This research explored the sociotechnical barriers in the implementation of web based diabetes care plans in general practice from the perspective of implementing stakeholders.
A qualitative case study design was use to explore the sociotechnical
barriers. Twenty-one stakeholders were purposely recruited and interviewed.
Technological barriers included rudimentary IT applications in
general practice; standardisation and interoperability issues; and ‘bugs’ in the system. The role of practice managers as gatekeepers influenced the uptake of the technology. General practitioners were noted to be time poor, while practice nurses preferred to stick with paper based ways of doing care plans. The relationship between allied health professionals and GPs also influenced the adoption process.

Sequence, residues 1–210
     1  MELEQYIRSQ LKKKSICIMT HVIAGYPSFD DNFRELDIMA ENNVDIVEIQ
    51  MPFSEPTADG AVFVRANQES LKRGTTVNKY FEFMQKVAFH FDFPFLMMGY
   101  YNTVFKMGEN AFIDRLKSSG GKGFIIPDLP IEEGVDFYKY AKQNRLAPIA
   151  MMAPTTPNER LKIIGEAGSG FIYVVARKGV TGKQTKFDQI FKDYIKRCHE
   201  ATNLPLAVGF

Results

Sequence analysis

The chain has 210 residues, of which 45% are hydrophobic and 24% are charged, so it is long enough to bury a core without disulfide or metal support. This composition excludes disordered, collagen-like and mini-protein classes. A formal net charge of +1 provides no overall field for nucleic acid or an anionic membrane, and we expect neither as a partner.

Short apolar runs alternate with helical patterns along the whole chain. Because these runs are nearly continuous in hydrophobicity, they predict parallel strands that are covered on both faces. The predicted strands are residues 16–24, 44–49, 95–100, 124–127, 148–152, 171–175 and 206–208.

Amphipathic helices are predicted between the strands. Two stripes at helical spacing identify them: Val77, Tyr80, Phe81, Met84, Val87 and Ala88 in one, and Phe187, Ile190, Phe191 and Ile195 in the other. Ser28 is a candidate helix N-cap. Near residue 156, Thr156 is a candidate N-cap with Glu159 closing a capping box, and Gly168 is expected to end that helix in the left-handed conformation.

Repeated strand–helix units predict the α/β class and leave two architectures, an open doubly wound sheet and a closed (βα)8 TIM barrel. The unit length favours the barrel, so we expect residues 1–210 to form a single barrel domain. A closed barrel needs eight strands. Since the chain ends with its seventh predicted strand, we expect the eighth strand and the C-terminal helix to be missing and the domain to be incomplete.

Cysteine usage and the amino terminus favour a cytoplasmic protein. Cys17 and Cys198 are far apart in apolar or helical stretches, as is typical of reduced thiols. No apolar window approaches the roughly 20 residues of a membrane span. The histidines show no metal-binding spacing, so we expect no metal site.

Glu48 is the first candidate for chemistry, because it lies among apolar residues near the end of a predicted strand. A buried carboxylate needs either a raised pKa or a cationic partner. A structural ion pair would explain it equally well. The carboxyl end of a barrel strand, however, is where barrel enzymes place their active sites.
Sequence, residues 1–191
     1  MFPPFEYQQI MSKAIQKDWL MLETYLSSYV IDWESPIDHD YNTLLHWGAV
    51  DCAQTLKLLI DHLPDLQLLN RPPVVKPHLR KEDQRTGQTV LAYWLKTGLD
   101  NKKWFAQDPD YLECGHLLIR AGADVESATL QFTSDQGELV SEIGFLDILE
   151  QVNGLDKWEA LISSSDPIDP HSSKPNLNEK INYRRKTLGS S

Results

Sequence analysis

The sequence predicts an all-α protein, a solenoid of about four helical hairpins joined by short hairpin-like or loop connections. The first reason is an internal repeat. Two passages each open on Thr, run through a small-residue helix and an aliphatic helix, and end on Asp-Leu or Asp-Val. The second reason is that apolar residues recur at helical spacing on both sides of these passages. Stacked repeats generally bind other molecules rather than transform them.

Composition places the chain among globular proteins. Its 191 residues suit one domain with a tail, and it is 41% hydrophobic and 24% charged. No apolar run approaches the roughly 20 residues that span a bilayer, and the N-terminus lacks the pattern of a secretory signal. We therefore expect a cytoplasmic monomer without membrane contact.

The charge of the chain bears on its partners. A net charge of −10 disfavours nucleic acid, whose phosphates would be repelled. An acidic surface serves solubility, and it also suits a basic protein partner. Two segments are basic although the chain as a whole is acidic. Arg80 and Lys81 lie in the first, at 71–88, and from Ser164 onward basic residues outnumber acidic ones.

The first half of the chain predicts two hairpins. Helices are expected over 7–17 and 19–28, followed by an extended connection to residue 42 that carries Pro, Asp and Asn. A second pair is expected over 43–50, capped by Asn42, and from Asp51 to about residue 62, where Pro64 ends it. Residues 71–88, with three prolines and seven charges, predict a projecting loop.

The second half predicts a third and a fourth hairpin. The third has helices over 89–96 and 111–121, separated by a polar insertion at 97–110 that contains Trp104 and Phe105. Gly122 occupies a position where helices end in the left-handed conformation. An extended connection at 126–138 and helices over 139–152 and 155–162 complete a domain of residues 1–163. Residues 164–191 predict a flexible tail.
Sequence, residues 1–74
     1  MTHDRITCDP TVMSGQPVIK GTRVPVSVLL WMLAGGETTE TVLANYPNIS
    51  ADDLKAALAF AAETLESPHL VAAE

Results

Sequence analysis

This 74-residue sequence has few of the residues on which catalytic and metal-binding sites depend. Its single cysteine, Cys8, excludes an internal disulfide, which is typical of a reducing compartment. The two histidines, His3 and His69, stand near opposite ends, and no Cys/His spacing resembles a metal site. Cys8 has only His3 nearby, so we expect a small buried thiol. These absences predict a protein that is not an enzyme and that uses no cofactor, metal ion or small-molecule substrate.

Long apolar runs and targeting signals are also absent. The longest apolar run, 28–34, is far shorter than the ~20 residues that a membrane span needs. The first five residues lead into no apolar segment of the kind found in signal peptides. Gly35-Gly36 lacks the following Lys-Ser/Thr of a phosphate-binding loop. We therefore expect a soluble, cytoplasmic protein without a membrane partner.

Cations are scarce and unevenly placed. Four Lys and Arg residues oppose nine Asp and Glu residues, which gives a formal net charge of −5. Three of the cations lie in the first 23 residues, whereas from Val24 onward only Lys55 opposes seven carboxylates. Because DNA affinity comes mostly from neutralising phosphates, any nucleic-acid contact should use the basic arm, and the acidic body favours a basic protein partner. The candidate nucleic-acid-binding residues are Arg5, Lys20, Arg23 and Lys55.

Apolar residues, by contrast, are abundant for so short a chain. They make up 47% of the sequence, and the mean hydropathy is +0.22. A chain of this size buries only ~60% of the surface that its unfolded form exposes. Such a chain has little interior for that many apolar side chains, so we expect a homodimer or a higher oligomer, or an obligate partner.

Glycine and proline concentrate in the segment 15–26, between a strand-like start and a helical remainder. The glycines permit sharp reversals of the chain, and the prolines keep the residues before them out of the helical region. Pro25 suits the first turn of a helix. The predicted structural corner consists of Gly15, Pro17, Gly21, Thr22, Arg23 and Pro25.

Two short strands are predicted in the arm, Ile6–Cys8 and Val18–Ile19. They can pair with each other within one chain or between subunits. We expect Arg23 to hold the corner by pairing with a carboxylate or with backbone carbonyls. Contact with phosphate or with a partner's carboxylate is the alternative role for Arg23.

Implementers had significant insight into the sociotechnical barriers to
diabetes web based care planning in general practice. Future research should examine the roles of the stakeholders involved in determining standards and the interoperability of systems.
The use of care plans in the management of patients with chronic disease is a common practice within primary care. A care plan is 'a written, comprehensive, and longitudinal plan of action that sets out the healthcare needs of a patient and the types of services and supports needed to meet those needs'.1 In Australia, the care planning process is initiated by the general practitioner in consultation with the patient, and sometimes with the assistance of the practice nurse. Two types of care plans (Table 1) are funded by Medicare: a General Practice Management Plan (GPMP) and a Team Care Arrangement (TCA).
Download the PDF for the full article.